The nautical sextant has its roots in the 18th century, when it developed from other angle-measuring instruments such as the astrolabe and the quadrant. Since then, it has undergone improvements and adaptations to meet the needs of various fields, including astronomy.

Applications in astronomy and navigation

In astronomy, the sextant is essential for measuring the position of the stars in the sky, making it possible to draw up celestial maps and study the movement of the planets and stars. It is also used in geodesy and surveying to measure the height and distance of distant objects such as mountains or buildings form your sailboat. These applications make the nautical sextant an indispensable tool in old classic navigation.

Parts and function of the nautical sextant

A sextant is an instrument for measuring the angle between two objects. It is composed of several essential parts:

  • The frame and the limb are the main structure of the nautical sextant. The frame holds all the parts and the limbo is a graduated scale that allows angles up to 120 degrees to be measured.
  • The index and vernier are two sliding parts that allow for more precise measurement. The index is a movable arm that holds the mirror and the viewfinder, while the vernier is an auxiliary scale used to measure fractions of a degree.
  • The mirror and the viewfinder are essential components that allow angles to be measured without the need to look directly at the object. The mirror reflects the image of the celestial or terrestrial object to the viewfinder, located in the frame of the sextant.

The nautical sextant may also include additional items such as eye protection filters, adjustment screws and a bracket to hold the instrument.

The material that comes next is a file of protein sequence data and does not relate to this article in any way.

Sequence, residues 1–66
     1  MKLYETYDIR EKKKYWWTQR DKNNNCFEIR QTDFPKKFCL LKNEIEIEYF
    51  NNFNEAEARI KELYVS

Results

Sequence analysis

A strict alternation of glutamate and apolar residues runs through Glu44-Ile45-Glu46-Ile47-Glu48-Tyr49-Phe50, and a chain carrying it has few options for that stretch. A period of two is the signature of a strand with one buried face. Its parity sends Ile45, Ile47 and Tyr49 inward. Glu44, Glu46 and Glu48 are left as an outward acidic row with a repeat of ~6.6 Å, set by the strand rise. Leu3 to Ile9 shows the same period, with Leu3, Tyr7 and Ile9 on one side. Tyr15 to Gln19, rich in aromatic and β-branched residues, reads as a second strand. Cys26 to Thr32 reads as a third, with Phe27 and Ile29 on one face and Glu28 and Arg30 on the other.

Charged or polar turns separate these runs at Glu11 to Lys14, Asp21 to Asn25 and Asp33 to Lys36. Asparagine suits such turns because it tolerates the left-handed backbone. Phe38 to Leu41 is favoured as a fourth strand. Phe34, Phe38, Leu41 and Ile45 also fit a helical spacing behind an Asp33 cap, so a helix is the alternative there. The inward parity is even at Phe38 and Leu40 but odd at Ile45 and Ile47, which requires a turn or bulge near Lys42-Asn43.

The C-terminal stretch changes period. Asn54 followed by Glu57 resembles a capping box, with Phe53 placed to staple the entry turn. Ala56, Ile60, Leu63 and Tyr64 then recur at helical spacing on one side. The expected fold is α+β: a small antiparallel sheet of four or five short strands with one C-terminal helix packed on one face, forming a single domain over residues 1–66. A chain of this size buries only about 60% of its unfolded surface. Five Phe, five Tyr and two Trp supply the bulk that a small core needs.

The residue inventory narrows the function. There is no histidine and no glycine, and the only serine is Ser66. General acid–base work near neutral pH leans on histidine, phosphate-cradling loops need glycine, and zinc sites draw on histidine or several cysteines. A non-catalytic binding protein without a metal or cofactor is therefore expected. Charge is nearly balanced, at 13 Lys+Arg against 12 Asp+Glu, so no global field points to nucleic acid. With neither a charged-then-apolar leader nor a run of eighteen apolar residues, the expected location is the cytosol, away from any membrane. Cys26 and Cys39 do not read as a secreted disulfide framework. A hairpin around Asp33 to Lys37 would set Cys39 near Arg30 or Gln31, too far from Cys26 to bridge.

Use and procedure

To measure the height of a star, the sextant is placed perpendicularly and oriented towards the horizon line. The star is then searched for through the telescopic sight by moving the movable mirror until it is found.

Once located, it is matched to the horizon reflection displayed in the middle of the fixed mirror. By means of slight oscillations of the nautical sextant, the image of the horizon is made tangent to the image of the star, which makes it possible to determine the angle measured at the limb. Subsequently, corrections are made to obtain the true height of the star.

Other applications and maintenance

In addition to navigation and astronomy, the nautical sextant is used in geodesy and surveying to measure heights and distances. To maintain its accuracy and proper functioning, it is important to perform proper maintenance, including regular cleaning and lubrication of the moving parts of the sextant and to store it in a dry and protected place. In the case of repairs, it is recommended that a specialist be consulted, although there are basic adjustments that can be made by following the instructions and having the right tools.

The nautical sextant is an instrument for measuring angles that has evolved over the centuries. Its accuracy and versatility make it invaluable in fields such as astronomy, navigation, geodesy and surveying. With its diverse applications and its ability to determine the position, height and distance of celestial and terrestrial objects, the nautical sextant continues to be an essential tool for professionals and enthusiasts exploring the world and the universe around us.

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